Rugby isn’t for the faint of heart.
It’s a full-contact sport similar to American football, but rugby plays continue even after a player has been tackled, and players don’t wear pads or helmets like in football.
So, the Federal Way Warriors had to fight hard Saturday, kicking off their season with a home game at Saghalie against the Rainier Highlanders. Some players had little-to-no experience competing in rugby before the game.
But team captain Jamie Oloapu, 12, said they still play hard and do their best.
“It’s a fun game to play with all these kids,” Jamie said. “… I just keep thinking about people that get hurt, and play for them.”
William Rasileka, 13, said it’s a fun game to play with friends and a chance to get to know new people, too.
And head coach Sania Leuelu, who founded the team last spring, knows it’s an opportunity to break stereotypes, develop life skills and expose the kids to a sport that could take them around the world.
LOVE AND RESPECT
Leuelu grew up in West Seattle and played Rugby at Seattle Pacific University, building a love for the culture and teamwork inherent to the sport.
“The culture of rugby is totally different,” Leuelu said. “It’s all competition on the field. But it’s always love and respect afterward.”
Leuelu continued playing rugby in the U.S. Army, where he served 8 years. It was a chance to build friendships in new places and even compete on the All Army rugby team in 2015 in Las Vegas.
“It was the first thing I did when I got out of basic training,” he said. “The next day, when I landed, when I got to Fort Stewart, Georgia, somebody was knocking on my door, asking me to come out to play some rugby.”
He came home in 2020 with a desire to serve youth in the area, eventually putting on free rugby camps weekly to teach kids the game. Leuelu coached Auburn’s Rainier Highlanders for a while and eventually decided to promote youth rugby in Federal Way.
In fall 2021, the Federal Way Warriors held its first Halloween touch game with the Eastside Lions and the Seattle Panthers, and the next year Leuelu made the team an official nonprofit.
A year later, the Warriors are now in the second season, with around 70 kids from ages 5 to 14. The kids are split into several age groups and the team has another five or so coaches helping Leuelu.
Rugby is a sport that imparts life lessons and helps the kids grow into better adults — and those are benefits that stick around whether they keep playing rugby or not, Leuelu said.
“It’s not just limited to one gender,” he said. “It’s not limited to one size. You don’t have to be the fastest guy on the field or the slowest guy. It’s for everybody, you know?”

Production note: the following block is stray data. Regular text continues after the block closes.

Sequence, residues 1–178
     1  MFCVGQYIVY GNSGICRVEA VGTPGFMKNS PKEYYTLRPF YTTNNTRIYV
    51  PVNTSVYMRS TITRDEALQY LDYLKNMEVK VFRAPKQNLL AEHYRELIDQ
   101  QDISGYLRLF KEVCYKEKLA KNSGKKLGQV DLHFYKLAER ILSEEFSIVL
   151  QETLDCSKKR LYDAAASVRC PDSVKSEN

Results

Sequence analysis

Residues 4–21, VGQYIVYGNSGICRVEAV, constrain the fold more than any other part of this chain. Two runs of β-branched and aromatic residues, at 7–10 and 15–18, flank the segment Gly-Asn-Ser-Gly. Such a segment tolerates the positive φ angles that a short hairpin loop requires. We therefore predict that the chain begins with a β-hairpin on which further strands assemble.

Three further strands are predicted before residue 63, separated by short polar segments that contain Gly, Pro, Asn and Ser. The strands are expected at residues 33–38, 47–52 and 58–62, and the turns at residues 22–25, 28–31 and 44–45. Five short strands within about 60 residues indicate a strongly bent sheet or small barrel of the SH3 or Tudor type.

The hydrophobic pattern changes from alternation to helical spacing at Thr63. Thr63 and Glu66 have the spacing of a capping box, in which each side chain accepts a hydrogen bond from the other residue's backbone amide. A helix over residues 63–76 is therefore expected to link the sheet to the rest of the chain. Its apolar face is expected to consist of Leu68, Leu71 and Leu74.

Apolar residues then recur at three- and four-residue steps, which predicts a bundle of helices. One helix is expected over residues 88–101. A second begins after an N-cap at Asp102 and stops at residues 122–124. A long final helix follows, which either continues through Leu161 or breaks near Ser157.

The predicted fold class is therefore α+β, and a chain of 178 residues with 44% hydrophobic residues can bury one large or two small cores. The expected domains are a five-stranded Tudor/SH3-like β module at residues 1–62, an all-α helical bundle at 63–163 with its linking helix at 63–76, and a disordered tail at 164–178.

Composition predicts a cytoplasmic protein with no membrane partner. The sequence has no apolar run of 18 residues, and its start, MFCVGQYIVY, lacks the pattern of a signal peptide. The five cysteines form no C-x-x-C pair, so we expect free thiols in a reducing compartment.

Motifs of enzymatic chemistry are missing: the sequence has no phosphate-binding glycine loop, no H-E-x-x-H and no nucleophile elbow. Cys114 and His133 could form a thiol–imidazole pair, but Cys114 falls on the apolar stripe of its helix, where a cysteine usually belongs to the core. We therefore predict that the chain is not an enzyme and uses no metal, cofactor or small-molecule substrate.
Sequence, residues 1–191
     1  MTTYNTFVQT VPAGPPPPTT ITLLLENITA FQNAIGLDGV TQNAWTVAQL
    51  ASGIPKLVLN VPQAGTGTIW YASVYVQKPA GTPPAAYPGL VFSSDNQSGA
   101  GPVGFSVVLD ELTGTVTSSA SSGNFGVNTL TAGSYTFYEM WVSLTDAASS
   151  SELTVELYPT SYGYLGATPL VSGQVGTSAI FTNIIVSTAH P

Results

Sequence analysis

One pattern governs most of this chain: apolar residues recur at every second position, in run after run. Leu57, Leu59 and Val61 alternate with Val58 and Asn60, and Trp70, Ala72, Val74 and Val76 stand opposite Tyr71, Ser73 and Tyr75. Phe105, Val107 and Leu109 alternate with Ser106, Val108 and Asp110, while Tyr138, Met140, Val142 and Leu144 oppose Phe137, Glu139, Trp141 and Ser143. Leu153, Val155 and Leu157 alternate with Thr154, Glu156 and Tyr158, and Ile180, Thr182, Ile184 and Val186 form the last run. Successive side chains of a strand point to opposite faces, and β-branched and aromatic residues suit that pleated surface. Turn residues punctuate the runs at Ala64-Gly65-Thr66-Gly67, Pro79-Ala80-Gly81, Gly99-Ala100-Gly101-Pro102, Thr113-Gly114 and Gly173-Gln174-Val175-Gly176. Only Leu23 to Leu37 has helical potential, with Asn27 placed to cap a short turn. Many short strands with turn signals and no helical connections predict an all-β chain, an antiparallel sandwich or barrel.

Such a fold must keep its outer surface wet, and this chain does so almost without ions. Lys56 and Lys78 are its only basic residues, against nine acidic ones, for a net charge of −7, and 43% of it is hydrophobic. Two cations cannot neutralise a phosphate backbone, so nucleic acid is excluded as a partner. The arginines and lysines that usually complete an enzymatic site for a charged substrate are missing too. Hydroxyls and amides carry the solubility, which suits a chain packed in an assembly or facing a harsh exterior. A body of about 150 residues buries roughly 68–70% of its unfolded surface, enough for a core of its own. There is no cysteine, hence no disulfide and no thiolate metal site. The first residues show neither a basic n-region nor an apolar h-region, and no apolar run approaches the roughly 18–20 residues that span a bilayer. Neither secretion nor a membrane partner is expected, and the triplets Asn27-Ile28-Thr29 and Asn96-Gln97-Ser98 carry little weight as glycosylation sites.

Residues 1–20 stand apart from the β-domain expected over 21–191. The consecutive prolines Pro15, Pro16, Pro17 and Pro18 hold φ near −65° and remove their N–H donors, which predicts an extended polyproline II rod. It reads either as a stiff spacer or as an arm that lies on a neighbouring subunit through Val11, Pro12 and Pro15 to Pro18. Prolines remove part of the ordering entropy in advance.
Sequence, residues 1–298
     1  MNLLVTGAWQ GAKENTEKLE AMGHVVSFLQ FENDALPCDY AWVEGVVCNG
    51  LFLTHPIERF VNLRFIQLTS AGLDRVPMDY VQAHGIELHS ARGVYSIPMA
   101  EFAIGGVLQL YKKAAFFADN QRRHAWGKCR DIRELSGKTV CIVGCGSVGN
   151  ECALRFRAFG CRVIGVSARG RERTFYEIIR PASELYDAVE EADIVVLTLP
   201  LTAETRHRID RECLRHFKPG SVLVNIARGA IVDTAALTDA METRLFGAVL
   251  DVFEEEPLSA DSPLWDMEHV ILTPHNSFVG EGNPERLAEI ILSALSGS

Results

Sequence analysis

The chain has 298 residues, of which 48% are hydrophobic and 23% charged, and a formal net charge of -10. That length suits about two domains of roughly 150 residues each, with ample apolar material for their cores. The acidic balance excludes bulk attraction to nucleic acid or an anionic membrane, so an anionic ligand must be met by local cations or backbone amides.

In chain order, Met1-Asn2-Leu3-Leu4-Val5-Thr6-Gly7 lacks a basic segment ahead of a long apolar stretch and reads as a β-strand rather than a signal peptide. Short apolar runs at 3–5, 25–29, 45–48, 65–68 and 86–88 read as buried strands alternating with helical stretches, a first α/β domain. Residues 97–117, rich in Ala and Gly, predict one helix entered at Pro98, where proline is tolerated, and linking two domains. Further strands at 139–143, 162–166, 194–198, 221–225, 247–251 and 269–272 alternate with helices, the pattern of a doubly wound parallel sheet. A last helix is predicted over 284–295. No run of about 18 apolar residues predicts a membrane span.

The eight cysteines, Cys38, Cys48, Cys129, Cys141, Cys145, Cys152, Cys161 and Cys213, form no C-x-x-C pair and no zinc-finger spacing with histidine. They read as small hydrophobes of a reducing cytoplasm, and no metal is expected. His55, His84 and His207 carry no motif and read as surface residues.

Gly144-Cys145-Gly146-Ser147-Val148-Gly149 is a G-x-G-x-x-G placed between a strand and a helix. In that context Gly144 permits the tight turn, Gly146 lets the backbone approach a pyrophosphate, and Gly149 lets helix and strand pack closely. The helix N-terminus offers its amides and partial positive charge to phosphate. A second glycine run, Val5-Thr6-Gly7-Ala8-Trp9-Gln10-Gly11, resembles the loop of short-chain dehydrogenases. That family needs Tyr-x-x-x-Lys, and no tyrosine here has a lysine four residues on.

Coaches Dion Crowder and William Rasileka (father of the Warriors athlete by the same name) both play high-level rugby and now want to give some of their time back to train the next generation.
The game teaches life lessons and helps the kids foster connections, Crowder said, and on the team: “it’s one big family.”
“We’re trying to build something special for these kids,” Crowder said. “Quite a few of them are new-ish to rugby, so we’re trying to get them out into this beautiful culture, great game, where they can express themselves on the field and have some fun with their friends.”
Now they’re entering their second year building a youth rugby team for Federal Way (the Rainier Highlanders have also played locally in the past), and Rasileka stressed how it’s a sport played around the world, creating opportunities for the youth to pursue the sport no matter where they go.
“Rugby’s for everyone,” coach Rasileka said. “It doesn’t count anyone out.”
THE ISLAND BOWL
As a coach, Leuelu found his responsibilities also included confronting stereotypes and insults toward the Pacific Islander community — one of the fastest-growing demographics in the Federal Way area.
“Me being an Islander, I tend to play rugby with everybody,” Leuelu said. “But while I’m out there, you know, there’s stereotypical comments about Islanders just not being disciplined, or (that they) don’t have respect for other players … (and) I got tired of it. Once I heard it at the high school level, that’s when I felt like something needs to be done. Even the kids are hearing it, telling us all about it.”
It’s a communication barrier, he said, a challenge that plays out across class privilege and social status in different countries and places.
The only way he knew how to break that barrier was by showcasing the culture for what it really is, putting on an “Island Bowl” rugby celebration in SeaTac last year to show how Islanders and folks from the mainland can all show love and respect to each other.
It was about “showcasing how islanders come together, show respect, you know, the food, the music, you know, just everybody coming together, showing that they’re not duds,” Leuelu said. “They’re not hoodlums. … It’s just a communication barrier that needs to be shown for those who are privileged and those who are not.”
Now the Island Bowl is coming to Federal Way, featuring food, music, vendors, a job fair and of course, rugby.
The second annual Island Bowl is May 27-28 at Saghalie Middle School (33914 19th Avenue SW). May is also Asian American and Pacific Islander Heritage Month. Main event runs 9 a.m. to 6 p.m. that Saturday. Contact Sania Leuelu at 253-374-1398 or email@example.com.
The Warriors compete next on April 22 and 29.